After all the tributes and all the talk, after the film clips that showed a grace that mocked gravity as it defied belief, the guest of honor said it best. "I did all that? I didn't realize I did all that," said Fred Astaire, a bit dazed. "I saw some things up there I don't remember doing, but gosh it looked good to me."

Astaire was the ninth recipient of the American Film Institute's Life Achievement Award (ceremony to be telecast Saturday at 9 p.m. on Cbs) and in some ways he was the most popular. Some 1,200 eager guests dined on rack of lamb and chocolate artichokes at the Beverly Hilton's grand ballroom and offered obeisance to the man George Balanchine once called "the most interesting, the most inventive, the most elegant dancer of our times."

Audrey Hepburn flew in from Rome, host David Niven from Switzerland, James Cagney and Mikhail Baryshnikov from the East Coast, and they and everyone else, from Gregory Peck and Gene Kelly to Dick Cavett and Art Buchwald, acted just like fans, beaming at the clips, singing along with the songs, and in general seconding Cagney's comment that "the one question I have is why they [the AFI] waited so long. He is the greatest entertainer I've ever seen in my life. I hope he goes on for another 100 years, bless him."

Astaire, exactly a month shy of his 82nd birthday, looked impossibly trim, every sandy hair in place, a sporty purple cummerbund brightening his tuxedo. Sitting with his wife Robin Smith, his son and daughter, choreographer Hermes Pan and other friends, he seemed stunned by all the attention, even clapping his hand to his forehead in mock disbelief at the first of the frequent standing ovations he received during the evening.

Several of Astaire's dancing partners, including Cyd Charisse, were present, and Eleanor Powell watched a clip of her and Astaire tap-dancing furiously in "Broadway Melody of 1940" and said "every time I see that I'm a nervous wreck, I'm always afraid I'll miss a tap. We were so serious, like two scientists in a lab." Audrey Hepburn, the picture of elegance in a black off-the-shoulder gown, beamed as she talked about how she "experienced the thrill all women at one point in their life dreamed of, dancing just one dance with Fred Astaire."

Noticeably absent was the woman who danced more dances with Astaire than anyone else, Ginger Rogers. She sent a telegram which read "It certainly was fun, Fred. When they put us together it was a blessed event. Working with you was an experience I'll cherish."

Since Astaire liked to film his dances in one long take if at all possible, the clip selection featured great batches of his work. There was a section on Astaire and Rogers, one with miscellaneous partners ranging from Gracie Allen to Judy Garland, a strictly vocal section and a collection of Astaire solos, where he created magic with a golf club, a coat rack, a set of drums and other umpromising material. The clip most missed was Astaire dancing on the walls and ceiling in "Royal Wedding," while the most popular was him dancing with a chorus line of nine duplicate Astaires in "Blue Skies."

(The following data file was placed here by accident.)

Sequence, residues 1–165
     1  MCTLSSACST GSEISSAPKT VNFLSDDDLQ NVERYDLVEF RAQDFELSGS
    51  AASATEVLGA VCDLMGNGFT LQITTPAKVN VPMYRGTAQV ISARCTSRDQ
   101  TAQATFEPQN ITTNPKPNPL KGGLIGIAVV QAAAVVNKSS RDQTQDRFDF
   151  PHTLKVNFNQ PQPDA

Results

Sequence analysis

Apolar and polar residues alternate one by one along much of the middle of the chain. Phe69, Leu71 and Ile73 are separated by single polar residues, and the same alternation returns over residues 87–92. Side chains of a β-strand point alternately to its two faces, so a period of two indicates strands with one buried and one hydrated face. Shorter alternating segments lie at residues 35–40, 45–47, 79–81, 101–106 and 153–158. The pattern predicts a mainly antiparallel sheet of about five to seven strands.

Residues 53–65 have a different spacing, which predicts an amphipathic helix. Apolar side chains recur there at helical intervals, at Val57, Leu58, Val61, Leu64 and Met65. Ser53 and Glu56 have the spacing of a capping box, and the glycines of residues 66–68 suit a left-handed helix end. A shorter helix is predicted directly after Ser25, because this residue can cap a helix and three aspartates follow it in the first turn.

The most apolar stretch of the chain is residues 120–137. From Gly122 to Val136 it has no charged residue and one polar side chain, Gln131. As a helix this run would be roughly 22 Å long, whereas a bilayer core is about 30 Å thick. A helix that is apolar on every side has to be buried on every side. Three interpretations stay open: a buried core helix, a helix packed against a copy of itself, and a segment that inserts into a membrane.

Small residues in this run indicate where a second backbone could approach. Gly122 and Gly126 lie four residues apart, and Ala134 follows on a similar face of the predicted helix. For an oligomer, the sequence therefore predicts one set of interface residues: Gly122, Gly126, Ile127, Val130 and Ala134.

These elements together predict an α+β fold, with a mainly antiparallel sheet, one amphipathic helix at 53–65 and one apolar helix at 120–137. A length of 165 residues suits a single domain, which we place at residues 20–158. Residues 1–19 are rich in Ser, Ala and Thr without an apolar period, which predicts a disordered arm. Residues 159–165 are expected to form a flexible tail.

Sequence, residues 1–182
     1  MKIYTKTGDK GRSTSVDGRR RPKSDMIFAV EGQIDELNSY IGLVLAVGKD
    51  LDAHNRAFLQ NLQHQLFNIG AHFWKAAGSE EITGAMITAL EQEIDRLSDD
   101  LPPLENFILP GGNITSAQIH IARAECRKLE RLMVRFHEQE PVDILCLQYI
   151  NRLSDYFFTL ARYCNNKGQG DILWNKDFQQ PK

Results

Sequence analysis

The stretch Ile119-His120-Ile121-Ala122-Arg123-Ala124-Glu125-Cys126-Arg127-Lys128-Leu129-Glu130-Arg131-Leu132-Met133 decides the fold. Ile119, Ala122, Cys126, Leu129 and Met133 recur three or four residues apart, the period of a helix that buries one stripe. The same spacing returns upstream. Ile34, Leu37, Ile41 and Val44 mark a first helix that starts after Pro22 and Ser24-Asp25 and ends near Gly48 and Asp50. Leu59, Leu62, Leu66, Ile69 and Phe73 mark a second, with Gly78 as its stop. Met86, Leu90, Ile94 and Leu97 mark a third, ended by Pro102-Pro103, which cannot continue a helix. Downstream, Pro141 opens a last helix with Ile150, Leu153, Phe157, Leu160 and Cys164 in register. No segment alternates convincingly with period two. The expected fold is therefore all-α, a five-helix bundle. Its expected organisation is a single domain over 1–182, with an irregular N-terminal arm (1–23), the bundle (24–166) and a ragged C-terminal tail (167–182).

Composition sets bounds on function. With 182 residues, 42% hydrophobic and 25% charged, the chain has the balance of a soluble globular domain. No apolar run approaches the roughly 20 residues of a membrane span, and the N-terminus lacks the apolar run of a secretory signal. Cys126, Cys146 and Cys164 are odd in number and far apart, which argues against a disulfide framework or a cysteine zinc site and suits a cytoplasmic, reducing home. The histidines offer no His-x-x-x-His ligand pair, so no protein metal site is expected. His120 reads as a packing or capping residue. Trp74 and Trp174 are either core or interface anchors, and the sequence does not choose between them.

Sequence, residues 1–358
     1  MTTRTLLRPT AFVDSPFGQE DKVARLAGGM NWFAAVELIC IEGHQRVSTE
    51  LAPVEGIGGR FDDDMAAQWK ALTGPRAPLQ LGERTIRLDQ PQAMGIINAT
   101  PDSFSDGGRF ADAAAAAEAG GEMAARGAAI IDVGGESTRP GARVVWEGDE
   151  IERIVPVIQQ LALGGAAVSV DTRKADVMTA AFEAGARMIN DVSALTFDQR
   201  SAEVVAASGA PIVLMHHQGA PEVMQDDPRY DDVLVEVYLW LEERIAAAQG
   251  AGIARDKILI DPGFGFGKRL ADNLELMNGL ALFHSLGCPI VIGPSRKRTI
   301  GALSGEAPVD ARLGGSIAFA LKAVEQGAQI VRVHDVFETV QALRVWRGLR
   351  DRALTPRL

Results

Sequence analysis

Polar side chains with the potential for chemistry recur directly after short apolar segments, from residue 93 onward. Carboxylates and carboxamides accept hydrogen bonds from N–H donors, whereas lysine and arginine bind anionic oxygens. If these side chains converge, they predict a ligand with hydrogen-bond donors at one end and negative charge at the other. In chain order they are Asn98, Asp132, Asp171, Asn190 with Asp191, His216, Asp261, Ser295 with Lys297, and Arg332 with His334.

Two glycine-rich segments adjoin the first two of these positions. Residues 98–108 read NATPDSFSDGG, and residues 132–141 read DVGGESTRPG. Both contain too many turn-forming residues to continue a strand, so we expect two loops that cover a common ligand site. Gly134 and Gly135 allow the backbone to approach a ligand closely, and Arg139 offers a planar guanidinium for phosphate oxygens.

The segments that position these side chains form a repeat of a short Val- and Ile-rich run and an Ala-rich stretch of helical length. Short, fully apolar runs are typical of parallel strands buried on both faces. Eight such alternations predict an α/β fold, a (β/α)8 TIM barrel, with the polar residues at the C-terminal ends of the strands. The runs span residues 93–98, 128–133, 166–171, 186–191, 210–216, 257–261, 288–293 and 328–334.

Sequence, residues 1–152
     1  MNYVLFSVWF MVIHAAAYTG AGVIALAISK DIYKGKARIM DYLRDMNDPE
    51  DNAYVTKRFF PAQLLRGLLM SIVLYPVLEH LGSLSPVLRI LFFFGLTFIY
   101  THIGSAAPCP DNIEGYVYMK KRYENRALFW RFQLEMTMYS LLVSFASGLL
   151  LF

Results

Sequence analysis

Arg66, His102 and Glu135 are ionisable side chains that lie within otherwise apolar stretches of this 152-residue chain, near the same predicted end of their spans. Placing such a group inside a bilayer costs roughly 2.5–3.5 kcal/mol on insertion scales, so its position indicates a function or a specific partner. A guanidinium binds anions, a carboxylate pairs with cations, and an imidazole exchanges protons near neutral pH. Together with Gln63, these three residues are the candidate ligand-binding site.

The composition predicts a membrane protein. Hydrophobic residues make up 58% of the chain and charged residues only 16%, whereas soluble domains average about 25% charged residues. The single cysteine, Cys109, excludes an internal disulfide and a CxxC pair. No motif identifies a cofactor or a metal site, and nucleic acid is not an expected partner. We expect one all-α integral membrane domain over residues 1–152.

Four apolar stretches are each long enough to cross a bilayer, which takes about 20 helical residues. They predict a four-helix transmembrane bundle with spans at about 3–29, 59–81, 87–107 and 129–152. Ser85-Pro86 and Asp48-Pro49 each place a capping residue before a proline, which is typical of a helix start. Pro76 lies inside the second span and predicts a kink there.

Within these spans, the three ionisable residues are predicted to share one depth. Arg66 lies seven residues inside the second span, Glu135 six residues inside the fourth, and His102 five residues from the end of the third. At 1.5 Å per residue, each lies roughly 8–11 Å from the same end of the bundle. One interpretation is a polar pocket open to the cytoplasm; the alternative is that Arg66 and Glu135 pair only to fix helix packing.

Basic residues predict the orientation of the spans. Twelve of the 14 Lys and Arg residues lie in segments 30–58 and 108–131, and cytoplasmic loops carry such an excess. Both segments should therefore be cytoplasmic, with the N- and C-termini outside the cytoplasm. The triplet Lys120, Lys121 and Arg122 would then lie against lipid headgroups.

The two most memorable tributes came, as might be expected, from fellow dancers. Bob Fosse, now best known as a choreographer and film director ("All That Jazz") said "Fred Astaire has been my idol my whole life" and recalled the day on the MGM lot when a preoccupied Astaire had walked by and said simply "Hi ya Foss.' It was such a moment, Fred Astaire said hello to me, even if he had mispronounced my name. I went back and rehearsed so hard my muscles are still aching."

It remained for the American Ballet Theatre's Baryshnikov, however, to speak the deftest words of the evening. "I've been asked to say something about how dancers feel about Fred Astaire," he said, deadpan. "It's no secret we hate him. He gives us complexes because he is too perfect. His perfection is an absurdity, causing unforgettable jealousy.

"When I first saw Mr. Astaire's movies it was very discouraging, I thought everyone in America was that good. He is everywhere, moving. I give a performance, I go home feeling good, I turn on the TV to relax and there he is. It is like what Ilie Nastase said about Bjorn Borg: 'We are playing tennis, he is playing something else.'"

Finally, after reading a few lines from that old hoofer John Milton -- "Grace was in all his steps, heaven in his eye and in every gesture dignity and love" -- the AFI's George Stevens called Astaire to the podium to a torrent of rhythmic applause. Astaire did a few half steps, kissed the award, turned to the audience and said "now comes the hard part. I don't know how to start, how to finish. This is a wonderful way to celebrate your 76th year in show business."

Astaire paid tribute to his sister and first dancing partner, Adele, who died in January, saying, "She was the one who had the talent, she was the whole show, the shining light, I was just there pushing along." He looked around the room for Barrie Chase, his last partner, who'd said earlier that dancing with Astaire had been tough and "there were times you were a monster," and told her he'd felt "horrible" at those scenes. "I'm thrilled to death," he said finally. "I can't explain it any more than that." He bowed deeply and a rhythmic applause began all over again. CAPTION:

Pictures 1 and 2, The young Fred Astaire in an early movie, and Astaire Friday at the AFI dinner where he received the Life Achievement Award; by AP